April 20, 2011
Editor’s Note: In lieu of a conversation for this issue of The West Texas Catholic, Bishop Patrick J. Zurek offers these words of advice regarding the privilege of voting and the political process.
As Catholics we are part of a community with a rich heritage that helps us consider the challenges in public and contribute to greater peace and justice for all people. Part of that heritage comes to us from the Declaration on Religious Liberty from Vatican II which states that “society itself may enjoy the benefits of justice and peace, which results from the people’s faithfulness to God and His Holy Will.” This work for justice requires that the heart and mind of Catholics be educated and formed to KNOW and PRACTICE the whole of the Faith!
In short, a Catholic’s “obligation to participate in shaping the moral character of society is a requirement of our Faith.” (Faithful Citizenship, #9) It is part of the mission that we have received from Jesus. “Christ, the Word made flesh, in showing us the Father’s love, also shows us what it truly means to be fully human” (Gaudium et Spes, #22) Christ’s love for us lets us see our human dignity in its full clarity and compels us to love our neighbors as He loves us. Pope Benedict XVI in commenting on St. Paul’s Letter to Philemon (10-16) writes of the relationship that exists among Christians. “Those who, as far as civil status is concerned, stand in relation to one another as masters and slaves, (powerful and weak, educated and non educated, rich and poor), inasmuch as they are members of the one Church have become brothers and sisters---this is how they address one another.” (Spe Salvi, 4, Nov. 30, 2007) What resulted from this understanding is that “Society changed from within. In the same Encyclical, Benedict XVI adds, “The love of God is revealed in the responsibility we have for others.” (Spe Salvi, 28) Scripture says that “Christ died for all.” Therefore, “To live for Him means allowing oneself to be drawn into His being for others.” (Spe Salvi, 28) Therefore, as Christians, we must be concerned for others and work for the Common Good of all.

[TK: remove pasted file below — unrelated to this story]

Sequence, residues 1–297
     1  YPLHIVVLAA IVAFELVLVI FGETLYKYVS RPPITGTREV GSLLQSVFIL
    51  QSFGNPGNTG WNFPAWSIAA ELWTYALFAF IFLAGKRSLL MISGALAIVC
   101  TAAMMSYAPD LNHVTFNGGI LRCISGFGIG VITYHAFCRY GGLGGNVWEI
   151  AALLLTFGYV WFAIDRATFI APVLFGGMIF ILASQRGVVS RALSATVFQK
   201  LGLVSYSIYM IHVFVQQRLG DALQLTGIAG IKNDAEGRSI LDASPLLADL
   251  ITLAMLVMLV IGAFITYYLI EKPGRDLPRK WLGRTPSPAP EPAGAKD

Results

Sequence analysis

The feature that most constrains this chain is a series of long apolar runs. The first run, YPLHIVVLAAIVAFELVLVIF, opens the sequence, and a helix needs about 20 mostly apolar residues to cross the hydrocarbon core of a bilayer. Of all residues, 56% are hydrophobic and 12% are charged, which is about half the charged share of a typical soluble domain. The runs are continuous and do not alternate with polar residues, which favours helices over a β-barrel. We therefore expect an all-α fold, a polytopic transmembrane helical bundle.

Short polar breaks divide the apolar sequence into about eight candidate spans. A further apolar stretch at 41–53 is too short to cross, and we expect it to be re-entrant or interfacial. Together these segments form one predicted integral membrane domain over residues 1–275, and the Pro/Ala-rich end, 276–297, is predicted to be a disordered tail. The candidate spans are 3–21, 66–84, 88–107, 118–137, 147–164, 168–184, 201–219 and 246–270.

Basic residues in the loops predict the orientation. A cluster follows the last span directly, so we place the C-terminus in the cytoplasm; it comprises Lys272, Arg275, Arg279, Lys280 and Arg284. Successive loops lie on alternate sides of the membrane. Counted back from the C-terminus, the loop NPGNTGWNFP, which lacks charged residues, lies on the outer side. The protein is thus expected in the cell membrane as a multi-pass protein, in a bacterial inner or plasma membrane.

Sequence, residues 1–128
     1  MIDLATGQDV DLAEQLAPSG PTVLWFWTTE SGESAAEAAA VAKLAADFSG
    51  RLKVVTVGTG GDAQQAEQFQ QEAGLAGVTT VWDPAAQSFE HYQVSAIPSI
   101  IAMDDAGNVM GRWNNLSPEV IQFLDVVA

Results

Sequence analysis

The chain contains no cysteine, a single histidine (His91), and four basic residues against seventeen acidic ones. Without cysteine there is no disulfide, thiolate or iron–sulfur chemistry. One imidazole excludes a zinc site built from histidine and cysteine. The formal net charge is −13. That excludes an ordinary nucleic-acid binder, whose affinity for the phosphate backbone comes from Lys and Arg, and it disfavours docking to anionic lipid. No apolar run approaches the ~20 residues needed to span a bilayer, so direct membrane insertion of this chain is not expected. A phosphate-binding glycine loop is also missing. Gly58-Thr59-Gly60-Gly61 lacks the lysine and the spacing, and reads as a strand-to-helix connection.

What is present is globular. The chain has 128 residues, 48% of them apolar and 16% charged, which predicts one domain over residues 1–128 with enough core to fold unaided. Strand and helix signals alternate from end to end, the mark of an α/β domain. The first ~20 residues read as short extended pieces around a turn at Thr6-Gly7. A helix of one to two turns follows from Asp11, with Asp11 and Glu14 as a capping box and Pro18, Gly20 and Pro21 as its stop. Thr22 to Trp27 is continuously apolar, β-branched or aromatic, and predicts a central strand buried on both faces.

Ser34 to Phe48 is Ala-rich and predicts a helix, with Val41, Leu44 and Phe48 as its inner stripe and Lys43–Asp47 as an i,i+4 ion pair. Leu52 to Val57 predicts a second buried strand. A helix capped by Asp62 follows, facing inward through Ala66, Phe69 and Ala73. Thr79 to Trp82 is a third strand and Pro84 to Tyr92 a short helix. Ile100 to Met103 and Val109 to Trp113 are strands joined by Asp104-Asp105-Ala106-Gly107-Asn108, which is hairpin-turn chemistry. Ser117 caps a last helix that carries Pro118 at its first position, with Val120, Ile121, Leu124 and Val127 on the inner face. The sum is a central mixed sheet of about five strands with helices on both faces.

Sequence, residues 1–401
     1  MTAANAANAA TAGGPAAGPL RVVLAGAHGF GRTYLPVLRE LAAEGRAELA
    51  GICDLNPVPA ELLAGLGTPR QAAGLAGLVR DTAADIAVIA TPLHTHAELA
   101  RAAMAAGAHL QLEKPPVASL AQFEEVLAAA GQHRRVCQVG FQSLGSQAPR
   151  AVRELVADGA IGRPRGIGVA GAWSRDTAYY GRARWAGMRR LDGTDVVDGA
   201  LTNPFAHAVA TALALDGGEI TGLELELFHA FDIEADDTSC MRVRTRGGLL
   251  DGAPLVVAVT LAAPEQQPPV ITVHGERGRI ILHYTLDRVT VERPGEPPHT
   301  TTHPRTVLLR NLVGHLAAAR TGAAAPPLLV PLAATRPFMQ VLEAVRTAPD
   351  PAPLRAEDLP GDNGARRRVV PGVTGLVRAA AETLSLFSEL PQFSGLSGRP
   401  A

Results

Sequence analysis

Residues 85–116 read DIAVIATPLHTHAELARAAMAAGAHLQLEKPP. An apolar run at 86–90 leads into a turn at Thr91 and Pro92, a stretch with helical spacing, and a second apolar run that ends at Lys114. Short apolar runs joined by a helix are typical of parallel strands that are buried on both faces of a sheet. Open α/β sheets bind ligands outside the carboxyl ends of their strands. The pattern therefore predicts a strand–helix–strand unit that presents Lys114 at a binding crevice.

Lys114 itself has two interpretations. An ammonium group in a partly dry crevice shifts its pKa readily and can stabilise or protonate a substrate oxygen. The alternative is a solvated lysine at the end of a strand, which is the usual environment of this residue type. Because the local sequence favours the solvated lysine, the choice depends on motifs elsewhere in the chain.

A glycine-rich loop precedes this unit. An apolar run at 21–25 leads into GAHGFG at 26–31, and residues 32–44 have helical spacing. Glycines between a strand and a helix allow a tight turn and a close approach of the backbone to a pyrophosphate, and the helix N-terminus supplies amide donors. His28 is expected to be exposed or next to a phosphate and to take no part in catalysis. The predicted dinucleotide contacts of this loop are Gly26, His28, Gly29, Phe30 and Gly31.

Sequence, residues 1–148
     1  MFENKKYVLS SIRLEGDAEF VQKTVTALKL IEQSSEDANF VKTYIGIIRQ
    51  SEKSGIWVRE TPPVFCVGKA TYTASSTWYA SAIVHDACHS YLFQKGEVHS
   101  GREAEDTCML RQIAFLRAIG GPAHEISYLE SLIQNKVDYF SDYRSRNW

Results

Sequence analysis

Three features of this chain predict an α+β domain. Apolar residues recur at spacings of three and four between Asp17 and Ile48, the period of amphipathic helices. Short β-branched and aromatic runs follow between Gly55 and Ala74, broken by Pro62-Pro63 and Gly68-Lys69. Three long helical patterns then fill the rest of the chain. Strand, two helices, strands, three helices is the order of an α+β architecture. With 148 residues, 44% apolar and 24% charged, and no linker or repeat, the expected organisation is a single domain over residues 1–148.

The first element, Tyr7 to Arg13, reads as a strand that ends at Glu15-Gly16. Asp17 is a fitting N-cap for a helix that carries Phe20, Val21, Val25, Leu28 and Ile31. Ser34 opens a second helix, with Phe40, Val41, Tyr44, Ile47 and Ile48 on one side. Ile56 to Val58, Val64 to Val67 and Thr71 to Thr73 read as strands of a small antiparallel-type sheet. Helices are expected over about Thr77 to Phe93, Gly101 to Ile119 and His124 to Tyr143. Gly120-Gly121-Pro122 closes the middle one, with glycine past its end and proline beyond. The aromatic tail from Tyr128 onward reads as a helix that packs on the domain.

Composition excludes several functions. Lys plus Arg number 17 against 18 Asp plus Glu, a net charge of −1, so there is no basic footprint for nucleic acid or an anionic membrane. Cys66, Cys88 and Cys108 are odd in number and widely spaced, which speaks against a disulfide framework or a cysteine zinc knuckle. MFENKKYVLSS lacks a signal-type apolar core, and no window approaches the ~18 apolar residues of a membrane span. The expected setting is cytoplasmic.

What Faith teaches us about the value of the human person can also be seen through the gift of human reason. At the center of these truths is the very DIGNITY OF THE HUMAN PERSON. It is the very center of Catholic moral and social teaching. Because we are people of both Faith and reason, it is both appropriate and necessary for us to bring this essential truth about human life and dignity to the public square, that is, to the center of our political debates and to the Voting Booth.
In the words of Pope Benedict XVI, in his Encyclical, Deus Caritas Est, “Charity must animate the entire lives of the lay faithful and therefore their political activity, lived as social charity.” (Deus Caritas Est, 29)
But in order to do this, we must learn to “pray properly,” so that we would “undergo a process of inner purification which opens us up to God and thus to our fellow human beings as well.” (Spe Salvi, 33) We truly are our brother’s and sister’s keeper!
The role of a Catholic Christian, therefore, must include involvement in the political process. It is our moral responsibility and privilege to be informed and to vote. We should be informed as to the issues that face us in the city, the state and the country. We should be sure that we understand the implications of voting for one candidate or another. We ought to know what our Church teaches; there is no better guide than the Gospel of Jesus. We even ought to invite the Holy Spirit to illuminate our conscience so that our decision is truly a good one. Then, WE NEED TO VOTE. Our voice needs to be heard in the public square. Diognetus once wrote, O Christian, you are the conscience of the world. You are what to the world what the soul is to the body. The soul animates and gives life to the body; likewise you, O Christian, animate and give life to the world in which we live. So be sure to VOTE!